The president of The Inquirer's largest union says its parent company is not worth $77 million, the minimum bid that two rival co-owners pledged if the company goes to auction.
"We believe $77 million is too much money," said Howard Gensler, president of the Newspaper Guild's Local 10.
Gensler's remarks, in an interview Tuesday, come as Delaware Court of Chancery Vice Chancellor Donald F. Parsons prepares to choose a format for the sale of Interstate General Media Holdings L.L.C., which owns The Inquirer, the Philadelphia Daily News, and three websites. Parsons is scheduled to hear lawyers' arguments Thursday on the matter. It is not clear how soon he will rule.
Co-owners Lewis Katz and H.F. "Gerry" Lenfest, along with co-owner George E. Norcross III, have agreed to dissolve IGM because of irreconcilable differences. Katz and Lenfest prefer a public auction with single sealed bids. Norcross and co-owners Joseph Buckelew and William P. Hankowsky prefer a private auction among current owners.
Norcross testified that the minimum bid for a private auction should be $77 million to cover the owners' investment and current debts. Katz testified that he would bid $77 million in a public auction.
Parsons let the Newspaper Guild, which represents 480 IGM employees, intervene in the case and potentially join the bidding.
Lawyers for two possible Guild partners in the bidding - the philanthropist Raymond Perelman and the union's parent organization, the Communications Workers of America - were scheduled to get company financial information this week.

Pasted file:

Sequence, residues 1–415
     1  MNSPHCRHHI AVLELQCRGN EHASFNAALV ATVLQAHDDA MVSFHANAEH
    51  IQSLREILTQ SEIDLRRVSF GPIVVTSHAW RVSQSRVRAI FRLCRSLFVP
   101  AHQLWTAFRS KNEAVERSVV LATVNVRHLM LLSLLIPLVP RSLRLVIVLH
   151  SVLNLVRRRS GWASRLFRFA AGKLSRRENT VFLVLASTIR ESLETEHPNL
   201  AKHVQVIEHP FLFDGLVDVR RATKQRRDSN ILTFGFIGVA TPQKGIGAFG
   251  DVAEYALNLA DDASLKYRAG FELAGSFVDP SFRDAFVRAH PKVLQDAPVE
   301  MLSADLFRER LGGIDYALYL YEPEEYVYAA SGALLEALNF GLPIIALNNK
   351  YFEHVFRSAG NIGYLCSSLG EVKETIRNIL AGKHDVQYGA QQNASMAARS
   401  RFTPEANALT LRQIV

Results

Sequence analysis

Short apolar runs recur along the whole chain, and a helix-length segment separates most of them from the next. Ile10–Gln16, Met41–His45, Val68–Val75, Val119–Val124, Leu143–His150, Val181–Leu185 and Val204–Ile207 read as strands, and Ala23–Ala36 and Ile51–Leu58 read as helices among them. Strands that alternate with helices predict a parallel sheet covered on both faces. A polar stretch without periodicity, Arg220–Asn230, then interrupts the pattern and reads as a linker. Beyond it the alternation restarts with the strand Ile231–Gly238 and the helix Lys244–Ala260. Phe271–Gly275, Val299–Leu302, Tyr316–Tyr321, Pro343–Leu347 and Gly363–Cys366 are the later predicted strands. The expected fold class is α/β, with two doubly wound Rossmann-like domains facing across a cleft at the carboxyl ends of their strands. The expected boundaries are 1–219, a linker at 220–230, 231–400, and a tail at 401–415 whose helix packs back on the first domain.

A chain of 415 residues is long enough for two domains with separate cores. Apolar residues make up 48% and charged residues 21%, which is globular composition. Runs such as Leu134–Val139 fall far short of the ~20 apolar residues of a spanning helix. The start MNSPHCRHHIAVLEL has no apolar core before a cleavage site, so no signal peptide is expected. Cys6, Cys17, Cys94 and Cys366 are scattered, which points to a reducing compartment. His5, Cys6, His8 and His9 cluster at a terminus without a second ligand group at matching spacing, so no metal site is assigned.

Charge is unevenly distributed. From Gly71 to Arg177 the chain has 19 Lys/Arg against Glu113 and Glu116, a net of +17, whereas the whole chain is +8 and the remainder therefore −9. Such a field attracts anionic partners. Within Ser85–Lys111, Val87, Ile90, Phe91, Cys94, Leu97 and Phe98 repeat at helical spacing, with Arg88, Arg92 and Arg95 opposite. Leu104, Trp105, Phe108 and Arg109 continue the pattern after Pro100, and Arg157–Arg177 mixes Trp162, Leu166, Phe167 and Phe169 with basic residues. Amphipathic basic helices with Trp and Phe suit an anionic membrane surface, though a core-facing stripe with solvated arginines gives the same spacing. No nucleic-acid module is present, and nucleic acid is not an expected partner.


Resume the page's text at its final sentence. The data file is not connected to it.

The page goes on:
Gensler said he had not seen the information but said the current owners' pledges might be bluffs.
"Until one of them puts $77 million down on the table, this is all talk," said Gensler, a columnist with the Daily News. "If one of them is really willing to do that when push comes to shove, they are going to overpay for a company that is not worth $77 million.
"If that is the business decision they choose to make, then there is not much we can do about it, but I sure hope they are not going to come after us to get the money back."
Guild members agreed to pay cuts and furloughs demanded by the current owners after they bought the company in 2012. Perelman has twice said he would not pay that much for the company.
"I don't think anybody will pay $77 million," he said Tuesday.
It was unclear whether Perelman had seen the financial information at the time of his comments, and he could not be reached for comment Wednesday. The CWA's Bernie Lunzer said Wednesday by e-mail that CWA officials were completing the nondisclosure agreements before reviewing the financial information, but declined further comment.